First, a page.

5. I am wondering how much money all this indecision has cost Redwood Credit Union in the time they have been forced to pander to the city council for what should have been a simple answer.

    • At an earlier meeting the RCU representative stated that they had already put ~$1M into the project, which includes the purchase of the property. I would imagine it’s more than that now.

      • Just imagine this was a ‘small business’ with limited resources trying come into this space. The only businesses that will survive this process are larger corporate companies with deeper pockets.

  6. Without the drive-through ATM, I would have voted NO on the proposal. The situation with the proposal is WORSE than the current location, as you can feel safer with the openness of the walk-up ATMs and the fact your car is a very short distance at the Orchard location. With the new location, you’ll have to walk AROUND the building to get back to your car, after having to risk someone is lurking inside the lobby.

  7. Can’t we let in something for the young folk? Like a soda shoppe or boba place or whatever it is the kids do now. It would be perfect next to the library. Banks don’t exactly scream ‘come hang out here, relax and enjoy your community’. Going to the bank is a chore, not a pastime. Call me a Nimby but there’s nothing to DO in this town! Rip out CPS building and install a zip line or rope swing or Rock climbing wall or something! A discovery center! A natural history musesum! A tree! A lazer tag center, a bouncy house,? Smoothies? Aguas frescas? A fountain! For Fs Sake!! A Bank???!!

    • Please attend the city council meeting and voice this issue at public comment. Ask about creating an entertainment district. Write emails to the city council about improving entertainment in Ukiah.

      • There is no desire of this community to build anything for the youth or to let anything for the youth stand. Out with the bowling alley out with skate City and if you happen to build a place for children and make a start you will be burnt out such as was the building at the south end of town I believe near where skate City used to be. They’re trying to make this an older community keep it an older community the reason for this is greed yes believe it or not. With what the government has planned all the youth will be away at war no reason supply them with any past time activities we need only to supply the greedy believe they found the fountain of youth and plan to live forever happily ever after

        • I do agree the older generation here is over represented with their legacy wealth and bloated pensions suspending them from reality. The problem I see in Ukiah, even under a boomer dictatorship, is one where there is no medical services in a place where mostly geriatric people live. Young people will continue to migrate to other places where their needs get met. There are no urgent care facilities and one fairly limited hospital. One thing all people need is medical access and Ukiah doesn’t have it. It will undermine this boomer utopia / dystopia.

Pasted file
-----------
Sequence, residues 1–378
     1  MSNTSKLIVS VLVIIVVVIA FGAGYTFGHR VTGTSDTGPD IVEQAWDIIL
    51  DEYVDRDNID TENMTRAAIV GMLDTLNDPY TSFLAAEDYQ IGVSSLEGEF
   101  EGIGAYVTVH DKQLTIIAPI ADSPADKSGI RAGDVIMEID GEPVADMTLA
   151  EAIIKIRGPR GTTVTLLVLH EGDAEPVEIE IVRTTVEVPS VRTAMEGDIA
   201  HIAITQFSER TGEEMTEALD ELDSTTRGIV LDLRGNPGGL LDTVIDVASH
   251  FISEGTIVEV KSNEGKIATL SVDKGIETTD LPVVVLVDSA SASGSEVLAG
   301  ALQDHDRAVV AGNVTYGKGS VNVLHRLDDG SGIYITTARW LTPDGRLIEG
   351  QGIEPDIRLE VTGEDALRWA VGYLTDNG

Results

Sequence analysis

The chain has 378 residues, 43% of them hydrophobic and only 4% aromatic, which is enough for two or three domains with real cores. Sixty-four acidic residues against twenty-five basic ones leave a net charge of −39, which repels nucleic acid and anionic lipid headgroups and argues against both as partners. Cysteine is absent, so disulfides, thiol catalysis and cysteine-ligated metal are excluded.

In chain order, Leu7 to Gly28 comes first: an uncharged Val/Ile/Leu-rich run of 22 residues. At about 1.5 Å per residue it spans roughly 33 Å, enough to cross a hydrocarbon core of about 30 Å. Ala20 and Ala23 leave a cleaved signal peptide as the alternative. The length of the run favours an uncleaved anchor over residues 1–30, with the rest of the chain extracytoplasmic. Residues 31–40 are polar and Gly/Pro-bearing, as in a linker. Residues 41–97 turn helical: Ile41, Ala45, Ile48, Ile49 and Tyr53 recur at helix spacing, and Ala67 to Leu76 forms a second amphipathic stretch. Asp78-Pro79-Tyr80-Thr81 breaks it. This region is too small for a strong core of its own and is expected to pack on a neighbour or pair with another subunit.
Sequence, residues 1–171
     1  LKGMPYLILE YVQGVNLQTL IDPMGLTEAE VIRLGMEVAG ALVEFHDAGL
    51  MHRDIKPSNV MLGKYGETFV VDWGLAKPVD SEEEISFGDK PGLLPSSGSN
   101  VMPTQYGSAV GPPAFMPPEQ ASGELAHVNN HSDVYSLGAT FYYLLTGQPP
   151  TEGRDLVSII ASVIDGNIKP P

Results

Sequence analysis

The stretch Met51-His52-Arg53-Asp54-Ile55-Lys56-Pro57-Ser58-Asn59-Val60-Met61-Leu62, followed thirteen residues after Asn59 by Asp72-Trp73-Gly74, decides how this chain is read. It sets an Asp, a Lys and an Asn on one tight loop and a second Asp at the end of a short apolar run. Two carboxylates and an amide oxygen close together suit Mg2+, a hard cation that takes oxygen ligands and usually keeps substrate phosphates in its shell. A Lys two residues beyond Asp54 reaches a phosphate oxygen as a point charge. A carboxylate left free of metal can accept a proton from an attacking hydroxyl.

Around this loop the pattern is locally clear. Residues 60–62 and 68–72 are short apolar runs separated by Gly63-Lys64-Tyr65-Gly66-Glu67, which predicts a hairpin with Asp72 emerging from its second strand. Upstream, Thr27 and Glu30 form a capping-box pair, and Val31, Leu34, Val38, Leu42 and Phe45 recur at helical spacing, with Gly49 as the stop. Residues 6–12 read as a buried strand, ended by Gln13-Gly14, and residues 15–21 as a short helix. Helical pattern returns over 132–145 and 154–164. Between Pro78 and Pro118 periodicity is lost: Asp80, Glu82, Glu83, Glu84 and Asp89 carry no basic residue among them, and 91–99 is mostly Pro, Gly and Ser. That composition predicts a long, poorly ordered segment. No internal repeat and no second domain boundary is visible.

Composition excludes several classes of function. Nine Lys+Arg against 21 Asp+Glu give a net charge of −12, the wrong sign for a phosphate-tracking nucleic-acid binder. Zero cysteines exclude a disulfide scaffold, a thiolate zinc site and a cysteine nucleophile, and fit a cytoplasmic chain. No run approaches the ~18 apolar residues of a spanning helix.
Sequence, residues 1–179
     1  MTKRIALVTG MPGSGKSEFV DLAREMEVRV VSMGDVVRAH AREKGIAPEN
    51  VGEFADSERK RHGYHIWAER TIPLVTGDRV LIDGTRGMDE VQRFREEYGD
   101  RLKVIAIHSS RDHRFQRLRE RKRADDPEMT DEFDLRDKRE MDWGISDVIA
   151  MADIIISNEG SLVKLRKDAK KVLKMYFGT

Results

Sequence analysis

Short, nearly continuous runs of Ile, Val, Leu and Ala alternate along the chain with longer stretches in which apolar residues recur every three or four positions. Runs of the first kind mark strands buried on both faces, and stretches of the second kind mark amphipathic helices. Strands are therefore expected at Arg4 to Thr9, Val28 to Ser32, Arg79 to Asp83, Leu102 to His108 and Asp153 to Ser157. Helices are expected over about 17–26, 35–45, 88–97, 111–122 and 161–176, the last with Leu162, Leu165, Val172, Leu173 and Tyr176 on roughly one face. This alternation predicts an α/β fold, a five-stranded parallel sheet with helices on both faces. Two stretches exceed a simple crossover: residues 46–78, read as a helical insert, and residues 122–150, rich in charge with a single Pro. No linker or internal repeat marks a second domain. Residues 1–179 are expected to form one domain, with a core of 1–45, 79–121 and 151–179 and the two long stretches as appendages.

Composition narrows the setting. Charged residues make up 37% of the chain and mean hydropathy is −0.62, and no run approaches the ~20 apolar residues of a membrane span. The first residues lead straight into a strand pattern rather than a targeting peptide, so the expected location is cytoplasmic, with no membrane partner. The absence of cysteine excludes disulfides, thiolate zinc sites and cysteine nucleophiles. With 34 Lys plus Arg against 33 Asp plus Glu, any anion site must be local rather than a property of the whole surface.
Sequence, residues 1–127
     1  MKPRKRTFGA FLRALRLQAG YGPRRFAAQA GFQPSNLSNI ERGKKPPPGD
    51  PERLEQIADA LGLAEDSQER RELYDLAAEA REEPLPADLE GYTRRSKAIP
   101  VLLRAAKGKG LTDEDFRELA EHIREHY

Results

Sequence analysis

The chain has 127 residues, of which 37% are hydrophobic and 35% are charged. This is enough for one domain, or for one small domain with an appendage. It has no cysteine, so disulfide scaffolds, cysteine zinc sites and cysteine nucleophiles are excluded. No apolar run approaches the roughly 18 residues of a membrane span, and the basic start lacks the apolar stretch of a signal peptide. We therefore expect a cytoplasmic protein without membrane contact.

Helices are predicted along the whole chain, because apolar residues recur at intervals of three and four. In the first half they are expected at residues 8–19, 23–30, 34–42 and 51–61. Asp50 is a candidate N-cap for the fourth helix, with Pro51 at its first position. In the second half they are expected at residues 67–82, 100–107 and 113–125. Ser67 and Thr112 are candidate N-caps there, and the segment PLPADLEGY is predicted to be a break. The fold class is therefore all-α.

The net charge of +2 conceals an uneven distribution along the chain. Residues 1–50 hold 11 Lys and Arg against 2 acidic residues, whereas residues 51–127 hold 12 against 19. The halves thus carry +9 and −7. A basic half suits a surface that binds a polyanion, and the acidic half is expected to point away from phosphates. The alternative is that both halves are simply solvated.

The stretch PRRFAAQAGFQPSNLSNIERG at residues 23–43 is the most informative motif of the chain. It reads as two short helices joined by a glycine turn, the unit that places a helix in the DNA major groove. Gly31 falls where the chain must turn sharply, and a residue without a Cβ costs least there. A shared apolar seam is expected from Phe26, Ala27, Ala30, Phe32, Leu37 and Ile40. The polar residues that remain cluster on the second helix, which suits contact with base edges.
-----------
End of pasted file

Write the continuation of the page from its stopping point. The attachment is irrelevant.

• Ukiah power I completely agree. Anyone with an aging loved one in Ukiah knows that the last years of your life will be spent commuting to Santa Rosa for appointments.

            • “Anyone with an aging loved one in Ukiah knows that the last years of your life will be spent commuting to Santa Rosa for appointments.” – If they know this then why do elderly live so far away from a functional medical center? Why are there no plans to improve medical care/access or encourage medical professionals (i.e. younger people) to live in this area? Elderly vote and they wield a great deal of political pressure especially in Ukiah. This doesn’t have to be a forgone conclusion.

  8. We’ve lost to the bank dear community!
    But fear not! There is still the big-windowed and library-sided gem of the ol Curry’s Furniture building!! Imagine the possibilities!! Dream! Think of the children!! Band together! More Murals! Guerilla garden the Rail Trail! Pedestrian Footbridges! What happened to picnic areas?!! Where’s the music?! Where’s the potted plants?! Where’s the big ass sidewalks made for people!!

  9. Personally, I think the focus should be on the Talmage Rd into Ukiah. Most people stopping in Ukiah go on this exit. The newest hotels are on this side of town, yet there is no sidewalk from Talmage to State street.
    THERE IS NO SIDEWALK FROM TALMAGE TO STATE STREET! This should be a huge concern. Big surprise, a bank is moving into downtown area but don’t get distracted. TALMAGE road is in complete and udder disrepair and disregard despite being the true economic heart and new downtown of Ukiah

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Sarah Reith
Sarah Reith
Sarah Reith is a radio and print reporter working in Mendocino and Humboldt counties, focusing on local politics and environmental news.